Dan Aykroyd offers me another generous pour of vodka, and who am I to refuse? We’re sitting outside a corral of trailers in the bush outside of Grande Prairie, Alberta., and the conversation has turned to dinosaurs. Beyond his comedic talent, Aykroyd is a huge dinosaur nut and a key fundraiser for the Philip J. Currie Dinosaur Museum. The award-winning, $34 million facility, which opened its doors in 2015, sits adjacent to Pipestone Creek, one of the densest fossil beds anywhere in the world. It is final resting place for thousands of hadrosaur, tyrannosaur, nodosaur, plesiosaur, and pterosaur fossils. Although, as my five-year-old son Galileo reminds me, plesiosaurs and pterosaurs are not actually dinosaurs; they are marine reptiles that swum and flew during the time of the dinosaurs. “Gee, Dad, don’t you know anything?”
I do know that Canada is a global dinosaur hotspot. Sixty-five million years ago, the landscape was full of rivers, swamps, marshes and seaways. Sweltering humidity ensured lush plant life, which attracted large herbivores and the meat-eaters that preyed on them. Rivers and streams washed over animal carcasses in the floodplains, burying bones in sediment and creating ideal conditions for fossilization. Millions of years later, glacial erosion scoured away the top layers of soil, exposing new fossil beds to the delight of palaeontologists, amateur and otherwise. Scientists, farmers, students, miners, hikers and even kids have stumbled across remarkable dinosaur finds, most famously in and around the arid landscape of Drumheller, Alta., but further afield too.
In 1991, a high school teacher discovered a giant T. rex skeleton while canvassing the badlands near Eastend, Saskatchewan. Nicknamed Scotty, this 13-metre-long, 8,800-kilogram beast is the largest T. rex ever discovered. It took years to safely remove it from its sandstone tomb, but today you can meet Scotty face-to-face at the Royal Saskatchewan Museum’s T. rex Discovery Centre in Eastend. Not to be outdone, the Canadian Fossil Discovery Centre in Morden, Manitoba will proudly introduce you to Bruce, who holds the Guinness World Record as the largest publicly displayed mosasaur. Bruce sounds affable enough, except this 13-metre-long, 80-million-year-old marine reptile swum at the very top of its food chain, devouring anything in its path as it prowled the inland seas that covered what is now the Canadian prairies.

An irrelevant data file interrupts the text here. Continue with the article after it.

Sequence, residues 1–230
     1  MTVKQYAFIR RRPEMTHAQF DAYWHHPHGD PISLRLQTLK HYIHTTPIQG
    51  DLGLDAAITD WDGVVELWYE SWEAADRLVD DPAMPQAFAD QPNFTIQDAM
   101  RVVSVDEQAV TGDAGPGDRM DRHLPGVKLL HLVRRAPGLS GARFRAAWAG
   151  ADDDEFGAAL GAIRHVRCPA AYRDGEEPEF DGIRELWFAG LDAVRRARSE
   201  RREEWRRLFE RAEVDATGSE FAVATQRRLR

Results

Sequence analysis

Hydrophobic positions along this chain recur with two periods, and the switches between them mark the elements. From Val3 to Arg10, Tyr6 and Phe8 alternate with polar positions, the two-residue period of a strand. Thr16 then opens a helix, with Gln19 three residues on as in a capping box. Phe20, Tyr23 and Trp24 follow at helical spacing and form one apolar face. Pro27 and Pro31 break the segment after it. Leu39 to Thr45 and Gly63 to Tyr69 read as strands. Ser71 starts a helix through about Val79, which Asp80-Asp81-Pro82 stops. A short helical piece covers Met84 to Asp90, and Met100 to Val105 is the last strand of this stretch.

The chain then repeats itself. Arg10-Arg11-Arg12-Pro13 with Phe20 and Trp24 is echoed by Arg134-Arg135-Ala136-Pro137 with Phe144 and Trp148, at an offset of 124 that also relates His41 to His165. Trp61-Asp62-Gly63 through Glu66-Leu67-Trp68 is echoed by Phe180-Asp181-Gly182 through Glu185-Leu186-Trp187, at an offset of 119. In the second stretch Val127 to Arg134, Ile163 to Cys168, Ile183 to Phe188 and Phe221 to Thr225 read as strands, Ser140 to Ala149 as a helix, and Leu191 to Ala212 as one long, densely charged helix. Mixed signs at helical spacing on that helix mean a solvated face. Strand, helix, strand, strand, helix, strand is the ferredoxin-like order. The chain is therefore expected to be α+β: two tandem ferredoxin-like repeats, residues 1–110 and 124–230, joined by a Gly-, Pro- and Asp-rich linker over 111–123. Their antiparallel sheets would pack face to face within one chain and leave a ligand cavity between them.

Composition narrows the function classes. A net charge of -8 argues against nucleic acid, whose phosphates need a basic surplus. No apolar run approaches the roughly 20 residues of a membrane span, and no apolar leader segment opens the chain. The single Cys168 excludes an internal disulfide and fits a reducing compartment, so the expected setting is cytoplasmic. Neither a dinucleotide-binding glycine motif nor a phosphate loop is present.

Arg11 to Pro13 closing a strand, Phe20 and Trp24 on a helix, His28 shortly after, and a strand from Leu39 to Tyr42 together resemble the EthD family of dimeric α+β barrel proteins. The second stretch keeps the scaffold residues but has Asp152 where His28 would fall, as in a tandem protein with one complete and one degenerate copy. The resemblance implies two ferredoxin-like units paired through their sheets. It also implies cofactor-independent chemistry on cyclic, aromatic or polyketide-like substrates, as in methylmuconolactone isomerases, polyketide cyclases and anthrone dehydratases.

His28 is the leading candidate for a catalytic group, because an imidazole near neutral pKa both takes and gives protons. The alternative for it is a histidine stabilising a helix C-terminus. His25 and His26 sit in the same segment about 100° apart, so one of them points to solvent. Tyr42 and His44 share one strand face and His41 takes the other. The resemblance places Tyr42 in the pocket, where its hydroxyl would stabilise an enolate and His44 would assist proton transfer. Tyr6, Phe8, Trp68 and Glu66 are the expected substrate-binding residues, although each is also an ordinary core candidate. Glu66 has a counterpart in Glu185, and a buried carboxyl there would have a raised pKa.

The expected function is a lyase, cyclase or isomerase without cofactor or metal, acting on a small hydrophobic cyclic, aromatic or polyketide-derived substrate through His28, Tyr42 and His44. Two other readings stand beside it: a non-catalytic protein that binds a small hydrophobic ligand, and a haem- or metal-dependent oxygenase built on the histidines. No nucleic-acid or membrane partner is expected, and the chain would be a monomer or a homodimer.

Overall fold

Eighty million years is a flash in the pan as you head further east. Canada’s oldest discovered dinosaurs are long-necked Triassic-era plateosaurs, which were found in the Bay of Fundy. Their 200-million-year-old fossils await you in Nova Scotia’s Fundy Geological Museum, which also offers hands-on fossil walking tours into the bay, and even an overnight fossil tour on horseback. Dinosaur buffs in Toronto know all about the Age of Dinosaurs Gallery inside the Royal Ontario Museum, which features many complete mounted dinos, including Gordo, the largest real fossil skeleton in the country, and one of only three barosaurus on display in the world. There’s also six complete original fossil hadrosaurs, a stegosaurus, and an exhibit about the intriguing Bone Wars between two overly competitive American paleontologists. Dino bones are big business, with a full skeleton worth millions of dollars.
At this point, Galileo wants you know that allosaurus had three fingers, T. rex only two, and that his favourite dinosaur is the spinosaurus of North Africa, the largest carnivore that ever lived. Canada lost out on that one.
Drumheller’s Royal Tyrrell Museum is still the Grand Central Station of the dinosaur world. Some 800 fossils are on permanent display, organized by era, representing just a fraction of the 160,000 fossils the museum has in its permanent collection. Alberta’s bone-bed bounty ensures that thousands of new fossils are added every year. The museum’s Dinosaur Hall boasts one of the largest mounted displays of dinosaurs anywhere in the world, including fan-favourites triceratops and its mortal enemy, T. rex. You can also meet home-grown dinos like the gorgosaurus — a close cousin of T. rex who I’d like to think was more polite — and the herd-roaming Edmontosaurus. The museum offers dozens of programs designed to introduce visitors of all ages to the wonders, ideas, history and hard-earned joy of paleontology.
I promised Galileo we’d put his dinosaur books away and see the real thing, but Dinosaur Provincial Park is a 15-hour drive from home. While I don’t doubt his commitment, I also don’t doubt his uncanny ability to get carsick in seconds. Instead, we hopped on the ferry from Vancouver to visit the Courtenay Dinosaur Museum on Vancouver Island. In 1988, local fossil enthusiast Mike Trask was exploring a local river when he discovered an 80-million-year-old elasmosaurus, the first of its kind in Canada. Today, Mike leads excited kids (and their grateful parents) into the town’s surrounding creeks, supplying the chisels, hammers, know-how, storytelling, and encouragement to crack shale in search of prehistoric wonders. Smashing rocks! For dinosaurs! It was the biggest smile I saw on my kid all summer, and while Galileo didn’t unearth any major discoveries, he’s still proud of his tiny ammonites.
Contrary to popular belief, not all dinosaurs went extinct. Some merely adapted to their new environment, evolving into creatures we call “birds.” As we continue to explore eons of Earth’s geological history, consider that the science of paleontology is just several centuries old. There’s so much to learn and discover. Any visit to Canada’s fantastic, hands-on dinosaur museums will inspire the next generation to do exactly that.